As, day by day, London becomes more unstable, more dangerous, and less familiar, Billy eventually has to accept that something terrible might, indeed, be about to happen, and in order to stop it he must find out who and why has stolen the fifty foot squid reminiscent of the archaic threat of the kraken. In his improbable quest, he gets to ask the advice the of the Londonmancers – modern-day druids and prophets who can read the bric-a-brac of the city for signs – and to accept the bewildering help of the terrible and mysterious Angel of the Darwin Centre.

Miéville’s novel is thus a fascinating mixture of the realistic and the improbable, the gruesome and the miraculous – all carefully balanced for suspense and wittily sprinkled with a healthy dose of humour and irony here and there. Kraken is a compelling read, thrilling and surprising every step of the way. In his story, Miéville has taken all the traditional concepts – of witches, mythical beasts, warlocks and familiars – and has transformed them into something utterly new, 100% compatible with the setting of modern-day London, buzzing with life and enriched by technology.

Has any one of you read Kraken, or any other books by China Miéville before? What did you think? Did you enjoy his ‘weird fiction’? If you haven’t read anything by him before now, would be willing to try? As always, you can find China Miéville’s books at Nautilus, and we are looking forward to your feedback!

(And here is an interview where China Miéville talks about Kraken: )

For the aficionados of crime fiction set in the era of changes and mysteries that was the fifties, the ‘Flavia de Luce’ series by Canadian writer Alan Bradley should be just the thing. The series numbers four volumes at present (The Sweetness at the Bottom of the Pie, The Weed that Strings the Hangman’s Bag, A Red Herring Without Mustard and I Am Half-Sick of Shadows) with a further two volumes scheduled for publication over the next couple of years (Seeds of Antiquity, The Nasty Light of Day). The books are set in the early 1950’s in the British countryside, and one element that sets them apart from other crime fiction is that the story is recounted from the point of view of their young protagonist, impromptu detective Flavia Sabina de Luce, an eleven year-old girl with an outstanding passion for chemistry.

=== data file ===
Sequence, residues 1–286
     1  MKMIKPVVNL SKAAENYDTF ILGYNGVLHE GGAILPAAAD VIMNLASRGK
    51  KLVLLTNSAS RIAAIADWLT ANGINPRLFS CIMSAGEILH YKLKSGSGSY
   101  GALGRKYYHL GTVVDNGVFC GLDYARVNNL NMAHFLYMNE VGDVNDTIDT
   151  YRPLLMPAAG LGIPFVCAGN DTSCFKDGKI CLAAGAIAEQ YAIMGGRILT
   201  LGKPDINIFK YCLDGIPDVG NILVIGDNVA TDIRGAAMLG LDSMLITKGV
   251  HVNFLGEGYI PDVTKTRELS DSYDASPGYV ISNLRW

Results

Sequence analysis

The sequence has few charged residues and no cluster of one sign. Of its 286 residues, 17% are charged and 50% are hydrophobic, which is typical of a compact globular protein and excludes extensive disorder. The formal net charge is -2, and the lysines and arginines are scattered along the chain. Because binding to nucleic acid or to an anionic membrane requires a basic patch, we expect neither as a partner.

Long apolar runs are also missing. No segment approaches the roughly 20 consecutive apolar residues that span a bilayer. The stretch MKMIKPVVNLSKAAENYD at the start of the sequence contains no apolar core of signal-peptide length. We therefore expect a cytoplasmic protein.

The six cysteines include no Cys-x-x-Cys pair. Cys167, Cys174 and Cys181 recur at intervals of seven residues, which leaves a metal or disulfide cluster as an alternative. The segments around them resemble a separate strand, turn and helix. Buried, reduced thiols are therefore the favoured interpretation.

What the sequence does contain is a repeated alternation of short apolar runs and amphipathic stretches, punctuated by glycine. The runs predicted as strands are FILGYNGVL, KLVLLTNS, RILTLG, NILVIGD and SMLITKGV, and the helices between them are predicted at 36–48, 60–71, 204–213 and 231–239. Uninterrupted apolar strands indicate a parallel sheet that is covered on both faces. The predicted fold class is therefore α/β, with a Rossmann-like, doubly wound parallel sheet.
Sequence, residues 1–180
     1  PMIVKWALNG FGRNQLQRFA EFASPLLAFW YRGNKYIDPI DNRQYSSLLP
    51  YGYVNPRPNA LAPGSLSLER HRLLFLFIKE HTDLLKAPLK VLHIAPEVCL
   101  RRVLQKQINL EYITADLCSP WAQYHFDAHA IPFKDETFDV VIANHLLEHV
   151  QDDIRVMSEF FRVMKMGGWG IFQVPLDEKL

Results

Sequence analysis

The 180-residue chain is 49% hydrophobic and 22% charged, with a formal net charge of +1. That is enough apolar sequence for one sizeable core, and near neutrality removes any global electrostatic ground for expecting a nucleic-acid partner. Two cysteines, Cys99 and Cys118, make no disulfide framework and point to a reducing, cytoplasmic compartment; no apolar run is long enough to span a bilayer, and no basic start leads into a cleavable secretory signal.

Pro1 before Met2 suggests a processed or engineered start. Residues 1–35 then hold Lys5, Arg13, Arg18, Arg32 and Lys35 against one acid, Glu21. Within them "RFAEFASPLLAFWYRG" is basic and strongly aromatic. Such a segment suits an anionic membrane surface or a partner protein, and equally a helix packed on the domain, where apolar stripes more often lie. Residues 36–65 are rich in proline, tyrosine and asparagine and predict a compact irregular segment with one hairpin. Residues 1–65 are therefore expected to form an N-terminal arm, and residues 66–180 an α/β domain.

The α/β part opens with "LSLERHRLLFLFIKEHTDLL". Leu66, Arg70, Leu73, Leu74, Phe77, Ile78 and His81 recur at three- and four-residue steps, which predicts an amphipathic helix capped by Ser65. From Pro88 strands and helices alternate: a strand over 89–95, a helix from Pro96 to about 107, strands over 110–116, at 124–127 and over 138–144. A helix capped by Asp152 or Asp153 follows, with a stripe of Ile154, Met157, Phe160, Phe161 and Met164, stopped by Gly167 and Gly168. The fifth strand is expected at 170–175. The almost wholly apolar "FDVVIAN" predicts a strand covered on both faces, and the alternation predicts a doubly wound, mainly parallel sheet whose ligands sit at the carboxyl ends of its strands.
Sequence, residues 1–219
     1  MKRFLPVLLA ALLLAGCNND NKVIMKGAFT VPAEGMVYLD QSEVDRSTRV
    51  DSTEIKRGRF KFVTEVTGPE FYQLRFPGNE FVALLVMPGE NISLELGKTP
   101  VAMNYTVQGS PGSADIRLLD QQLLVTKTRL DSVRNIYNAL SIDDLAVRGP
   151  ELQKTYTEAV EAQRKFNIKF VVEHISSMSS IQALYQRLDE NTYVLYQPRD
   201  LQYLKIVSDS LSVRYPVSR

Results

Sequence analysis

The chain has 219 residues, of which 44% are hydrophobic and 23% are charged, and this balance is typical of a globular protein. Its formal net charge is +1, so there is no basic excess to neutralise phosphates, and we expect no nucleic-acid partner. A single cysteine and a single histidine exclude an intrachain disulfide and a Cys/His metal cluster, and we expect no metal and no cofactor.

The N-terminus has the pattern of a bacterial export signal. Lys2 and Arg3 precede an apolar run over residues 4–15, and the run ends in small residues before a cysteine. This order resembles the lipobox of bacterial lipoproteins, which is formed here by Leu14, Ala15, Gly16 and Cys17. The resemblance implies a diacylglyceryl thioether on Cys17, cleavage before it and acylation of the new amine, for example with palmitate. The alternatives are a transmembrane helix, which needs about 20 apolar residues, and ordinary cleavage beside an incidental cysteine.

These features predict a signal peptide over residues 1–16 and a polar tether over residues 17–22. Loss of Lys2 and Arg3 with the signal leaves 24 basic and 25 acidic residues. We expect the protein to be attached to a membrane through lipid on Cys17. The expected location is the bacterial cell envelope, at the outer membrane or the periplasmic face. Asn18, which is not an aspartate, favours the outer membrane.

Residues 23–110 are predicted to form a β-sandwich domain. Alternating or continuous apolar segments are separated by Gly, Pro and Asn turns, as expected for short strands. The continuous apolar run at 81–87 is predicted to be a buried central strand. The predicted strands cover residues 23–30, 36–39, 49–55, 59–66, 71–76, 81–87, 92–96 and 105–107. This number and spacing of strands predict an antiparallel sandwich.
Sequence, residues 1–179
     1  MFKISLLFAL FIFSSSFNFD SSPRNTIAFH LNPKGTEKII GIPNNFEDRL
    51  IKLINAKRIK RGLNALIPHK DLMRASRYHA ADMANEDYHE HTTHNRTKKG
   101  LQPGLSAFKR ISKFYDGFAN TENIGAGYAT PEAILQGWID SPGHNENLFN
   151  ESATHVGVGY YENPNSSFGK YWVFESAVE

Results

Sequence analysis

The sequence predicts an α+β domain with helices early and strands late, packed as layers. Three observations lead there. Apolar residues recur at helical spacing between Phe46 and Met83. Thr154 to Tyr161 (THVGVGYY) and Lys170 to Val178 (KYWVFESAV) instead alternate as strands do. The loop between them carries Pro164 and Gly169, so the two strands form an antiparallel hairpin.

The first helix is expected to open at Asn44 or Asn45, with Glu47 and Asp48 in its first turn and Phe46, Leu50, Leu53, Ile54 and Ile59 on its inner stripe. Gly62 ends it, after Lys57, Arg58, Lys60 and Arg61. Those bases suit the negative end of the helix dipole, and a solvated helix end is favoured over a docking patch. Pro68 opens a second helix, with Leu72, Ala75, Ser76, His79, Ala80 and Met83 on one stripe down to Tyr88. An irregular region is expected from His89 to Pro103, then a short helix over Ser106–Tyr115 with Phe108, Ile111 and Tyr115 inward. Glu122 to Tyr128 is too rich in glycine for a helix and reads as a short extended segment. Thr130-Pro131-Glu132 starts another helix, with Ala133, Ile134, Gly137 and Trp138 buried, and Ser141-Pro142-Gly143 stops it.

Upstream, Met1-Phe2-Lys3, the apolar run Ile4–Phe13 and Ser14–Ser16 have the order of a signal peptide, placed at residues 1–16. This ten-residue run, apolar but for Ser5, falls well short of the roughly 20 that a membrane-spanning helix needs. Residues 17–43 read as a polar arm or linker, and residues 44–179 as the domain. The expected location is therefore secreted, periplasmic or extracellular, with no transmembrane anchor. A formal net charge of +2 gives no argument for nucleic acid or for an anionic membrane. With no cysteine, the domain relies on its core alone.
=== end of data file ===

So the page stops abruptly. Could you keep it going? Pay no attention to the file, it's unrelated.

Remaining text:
Flavia is the youngest daughter of an old blue-blooded family, the de Luces, now on the edge of bankruptcy and whose last representatives are Flavia herself and her two older sisters – Daphne, thirteen years old and a bookworm, and Ophelia, seventeen years old, with a passion for mirrors and the piano. The three girls live in a state of almost ideal freedom, allowed to do whatever they please, in a household formed by just the three of them and their father, Colonel de Luce (an introvert and a philatelist), their butler Dogger (a veteran of the World War II, very discreet and knowledgeable, but sometimes plagued by his war traumas) and their cook, Mrs Mullet (a gullible and innocent old lady). The girls’ mother, Harriet, is said to have died in a skiing accident in the mountains, when Flavia was only a baby – but is that the truth of the matter?